Dot, Dot, Dot. That’s exactly how the little story ended. As if to say that the story continued, just not on the pages of this little book. And how!
The places and names that pepper this long lost account beckon to anyone who has every visited San Francisco. They instantly conjure up dreamful images of fog city trips gone-by. When this account was penciled in, Alcatraz was a working Federal penitentiary, Franklin D. Roosevelt was on his way to an unprecedented 4th term as President, America was fighting a two-front war with the outcome still in doubt, and Japanese radio was piping in propaganda from the infamous Tokyo Rose most every night to the Bay area, whether you wanted to hear it or not.
The references in this first hand travel account resonate through the pages of history. If this were a movie, now would be the time when the flashback occurs. After the attack on Pearl Harbor, Fort Mason became the primary port of embarkation for service members shipping out to the Pacific Theater of Operations. Over the years of the war, 1,647,174 passengers and 23,589,472 measured tons moved from the port into the Pacific. This total represents two-thirds of all troops sent into the Pacific and more than one-half of all Army cargo moved through West Coast ports.
Joe DiMaggio’s restaurant on Fisherman’s wharf was THE place to eat and be seen in San Francisco. Joltin’ Joe DiMaggio was perhaps the most famous player in all of baseball as the smooth as glass center-fielder for the New York Yankees. When this diary account was written DiMaggio was in the middle of a two-and-a-half year stint in the army air forces. The Yankee Clipper rose to the rank of Sergeant even though his parents, Giuseppe and Rosalia, were among the thousands of German, Japanese and Italian immigrants classified as “enemy aliens” by the government after Pearl Harbor. The DiMaggio’s had to carry photo ID booklets at all times, and were not allowed to travel outside a five mile radius from their home without a permit. Giuseppe was barred from the San Francisco Bay, where he had raised his 3 Major League boys (Joe, Dom, and Vince) and fished for decades (Giuseppe’s boat was seized). DiMaggio resumed his baseball career and landed in the Hall of Fame and DiMaggio’s restaurant remained a Bay area hotspot for another 40 years.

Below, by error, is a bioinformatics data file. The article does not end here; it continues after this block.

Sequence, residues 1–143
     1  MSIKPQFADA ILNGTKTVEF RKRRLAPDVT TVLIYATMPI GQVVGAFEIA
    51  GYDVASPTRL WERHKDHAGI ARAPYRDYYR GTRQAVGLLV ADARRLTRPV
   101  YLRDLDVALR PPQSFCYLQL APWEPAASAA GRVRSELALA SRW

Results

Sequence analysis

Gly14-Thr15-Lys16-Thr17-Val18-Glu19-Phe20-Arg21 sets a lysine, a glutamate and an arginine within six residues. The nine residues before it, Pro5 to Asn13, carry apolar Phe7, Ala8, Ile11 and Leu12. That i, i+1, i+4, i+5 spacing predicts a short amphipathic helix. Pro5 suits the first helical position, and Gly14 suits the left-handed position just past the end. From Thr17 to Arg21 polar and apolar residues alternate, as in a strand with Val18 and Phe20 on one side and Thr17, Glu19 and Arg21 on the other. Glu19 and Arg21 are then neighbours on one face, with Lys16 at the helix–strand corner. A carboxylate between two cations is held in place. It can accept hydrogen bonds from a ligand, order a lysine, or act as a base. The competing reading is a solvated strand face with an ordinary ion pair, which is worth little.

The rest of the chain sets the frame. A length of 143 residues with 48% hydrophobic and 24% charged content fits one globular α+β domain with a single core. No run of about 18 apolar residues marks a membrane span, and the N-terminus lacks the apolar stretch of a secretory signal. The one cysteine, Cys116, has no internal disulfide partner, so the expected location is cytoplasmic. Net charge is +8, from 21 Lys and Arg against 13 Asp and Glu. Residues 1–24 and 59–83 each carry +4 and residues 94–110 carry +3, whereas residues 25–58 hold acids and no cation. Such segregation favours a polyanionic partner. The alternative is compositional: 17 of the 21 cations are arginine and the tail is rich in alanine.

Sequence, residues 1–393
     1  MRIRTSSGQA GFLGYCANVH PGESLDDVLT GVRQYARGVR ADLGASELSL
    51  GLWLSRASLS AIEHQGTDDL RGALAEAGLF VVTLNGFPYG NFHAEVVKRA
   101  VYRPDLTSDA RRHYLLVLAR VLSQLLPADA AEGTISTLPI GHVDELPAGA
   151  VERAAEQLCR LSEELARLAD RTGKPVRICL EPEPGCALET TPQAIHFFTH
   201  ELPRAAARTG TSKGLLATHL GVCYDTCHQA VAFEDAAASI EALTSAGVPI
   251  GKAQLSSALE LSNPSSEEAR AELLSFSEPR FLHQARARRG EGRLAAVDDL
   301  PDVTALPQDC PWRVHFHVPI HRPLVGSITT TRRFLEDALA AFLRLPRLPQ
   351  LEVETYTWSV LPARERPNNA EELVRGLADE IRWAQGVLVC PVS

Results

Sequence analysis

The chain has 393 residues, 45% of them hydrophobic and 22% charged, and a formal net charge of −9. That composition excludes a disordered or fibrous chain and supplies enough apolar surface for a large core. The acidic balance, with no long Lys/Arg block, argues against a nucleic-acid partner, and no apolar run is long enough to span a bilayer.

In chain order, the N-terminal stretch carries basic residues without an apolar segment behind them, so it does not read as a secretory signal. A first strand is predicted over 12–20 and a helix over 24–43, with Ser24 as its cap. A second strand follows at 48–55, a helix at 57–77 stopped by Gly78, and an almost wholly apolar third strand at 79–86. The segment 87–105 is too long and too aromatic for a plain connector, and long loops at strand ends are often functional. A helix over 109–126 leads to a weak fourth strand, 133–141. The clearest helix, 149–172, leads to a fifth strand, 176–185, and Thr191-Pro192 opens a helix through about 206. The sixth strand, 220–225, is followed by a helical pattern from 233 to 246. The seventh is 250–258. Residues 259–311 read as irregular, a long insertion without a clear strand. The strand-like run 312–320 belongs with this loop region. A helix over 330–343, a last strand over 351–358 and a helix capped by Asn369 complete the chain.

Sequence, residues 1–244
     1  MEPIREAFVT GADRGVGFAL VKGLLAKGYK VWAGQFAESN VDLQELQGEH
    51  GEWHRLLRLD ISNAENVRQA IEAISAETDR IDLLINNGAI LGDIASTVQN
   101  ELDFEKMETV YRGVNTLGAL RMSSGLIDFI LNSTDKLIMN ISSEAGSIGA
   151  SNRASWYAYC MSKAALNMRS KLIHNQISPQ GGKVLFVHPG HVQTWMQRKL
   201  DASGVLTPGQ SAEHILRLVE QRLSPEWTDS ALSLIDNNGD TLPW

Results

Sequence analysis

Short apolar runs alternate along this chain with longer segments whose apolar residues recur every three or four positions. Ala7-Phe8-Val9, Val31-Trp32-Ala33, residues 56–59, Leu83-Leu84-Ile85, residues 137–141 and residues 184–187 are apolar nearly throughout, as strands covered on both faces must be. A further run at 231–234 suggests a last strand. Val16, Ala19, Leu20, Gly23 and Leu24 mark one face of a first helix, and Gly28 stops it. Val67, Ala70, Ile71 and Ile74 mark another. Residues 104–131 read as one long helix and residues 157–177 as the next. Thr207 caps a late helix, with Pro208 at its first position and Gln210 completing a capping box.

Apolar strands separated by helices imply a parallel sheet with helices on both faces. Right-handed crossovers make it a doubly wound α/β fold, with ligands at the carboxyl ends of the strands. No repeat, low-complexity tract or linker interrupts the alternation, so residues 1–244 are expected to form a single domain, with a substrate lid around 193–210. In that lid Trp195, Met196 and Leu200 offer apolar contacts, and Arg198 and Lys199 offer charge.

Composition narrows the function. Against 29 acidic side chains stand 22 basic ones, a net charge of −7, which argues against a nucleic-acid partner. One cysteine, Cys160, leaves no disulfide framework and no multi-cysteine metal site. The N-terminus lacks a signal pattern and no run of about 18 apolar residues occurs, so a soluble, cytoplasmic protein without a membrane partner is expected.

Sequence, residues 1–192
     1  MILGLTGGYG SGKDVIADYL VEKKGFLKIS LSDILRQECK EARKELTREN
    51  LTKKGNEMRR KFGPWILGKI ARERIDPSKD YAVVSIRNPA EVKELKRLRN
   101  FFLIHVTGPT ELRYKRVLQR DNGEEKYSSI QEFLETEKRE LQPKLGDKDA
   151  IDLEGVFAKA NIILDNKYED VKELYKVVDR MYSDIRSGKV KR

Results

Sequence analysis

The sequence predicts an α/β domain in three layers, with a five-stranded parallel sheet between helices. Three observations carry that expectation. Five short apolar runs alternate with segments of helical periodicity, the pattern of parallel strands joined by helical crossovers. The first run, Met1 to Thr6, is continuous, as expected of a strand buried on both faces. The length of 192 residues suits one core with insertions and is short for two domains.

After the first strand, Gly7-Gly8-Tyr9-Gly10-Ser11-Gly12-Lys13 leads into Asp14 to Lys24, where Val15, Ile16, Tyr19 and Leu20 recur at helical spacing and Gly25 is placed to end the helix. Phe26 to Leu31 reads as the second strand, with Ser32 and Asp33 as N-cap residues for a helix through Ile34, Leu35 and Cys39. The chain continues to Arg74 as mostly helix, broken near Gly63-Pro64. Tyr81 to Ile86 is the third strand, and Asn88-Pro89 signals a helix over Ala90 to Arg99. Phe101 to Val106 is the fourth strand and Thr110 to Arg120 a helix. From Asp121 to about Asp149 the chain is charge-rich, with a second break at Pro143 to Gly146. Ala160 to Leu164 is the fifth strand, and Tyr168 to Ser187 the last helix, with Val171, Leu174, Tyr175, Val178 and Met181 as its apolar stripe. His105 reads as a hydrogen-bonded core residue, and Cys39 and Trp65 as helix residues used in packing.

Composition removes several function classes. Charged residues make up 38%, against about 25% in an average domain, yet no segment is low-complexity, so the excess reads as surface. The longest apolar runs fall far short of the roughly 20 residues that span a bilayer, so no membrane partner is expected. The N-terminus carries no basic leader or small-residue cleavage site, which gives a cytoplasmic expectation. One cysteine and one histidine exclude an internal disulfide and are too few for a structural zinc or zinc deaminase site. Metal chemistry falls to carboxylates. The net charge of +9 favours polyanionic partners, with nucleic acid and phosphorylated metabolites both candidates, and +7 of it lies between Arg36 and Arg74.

The St. Francis Hotel’s two twelve-story wings were famous for surviving the San Francisco Earthquake in 1904. During World War II, the shops in the hotel’s lobby were turned into small rooms for military officers. Hundreds of soldiers, sailors and officers danced in the Mural Room of the St. Francis to the big band music of Harry Owens and the Royal Hawaiians, and his vocalist, Hilo Hattie. Less than a year after this diary account was written, in April 1945 the St. Francis played host to twenty-seven delegations attending the founding meeting of the United Nations in San Francisco. The French foreign minister stayed in the same suite where the Fatty Arbuckle scandal had taken place. The St. Francis became the hotel where Republican presidents stayed when in San Francisco, while Democratic presidents usually stayed at the Fairmont. President Gerald Ford was almost shot while leaving the hotel in September, 1975 by Sara Jane Moore. Ronald Reagan was a frequent guest of the hotel as was Queen Elizabeth II of the United Kingdom and Emperor Hirohito of Japan.